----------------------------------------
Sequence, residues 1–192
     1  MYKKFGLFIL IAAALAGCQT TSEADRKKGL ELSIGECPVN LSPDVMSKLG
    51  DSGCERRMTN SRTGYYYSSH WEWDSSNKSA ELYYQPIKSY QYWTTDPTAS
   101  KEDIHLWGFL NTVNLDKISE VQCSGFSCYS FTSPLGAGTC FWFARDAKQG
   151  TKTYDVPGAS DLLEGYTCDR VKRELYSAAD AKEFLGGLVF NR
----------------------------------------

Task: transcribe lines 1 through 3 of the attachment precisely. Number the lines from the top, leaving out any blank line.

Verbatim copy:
Sequence, residues 1–192
     1  MYKKFGLFIL IAAALAGCQT TSEADRKKGL ELSIGECPVN LSPDVMSKLG
    51  DSGCERRMTN SRTGYYYSSH WEWDSSNKSA ELYYQPIKSY QYWTTDPTAS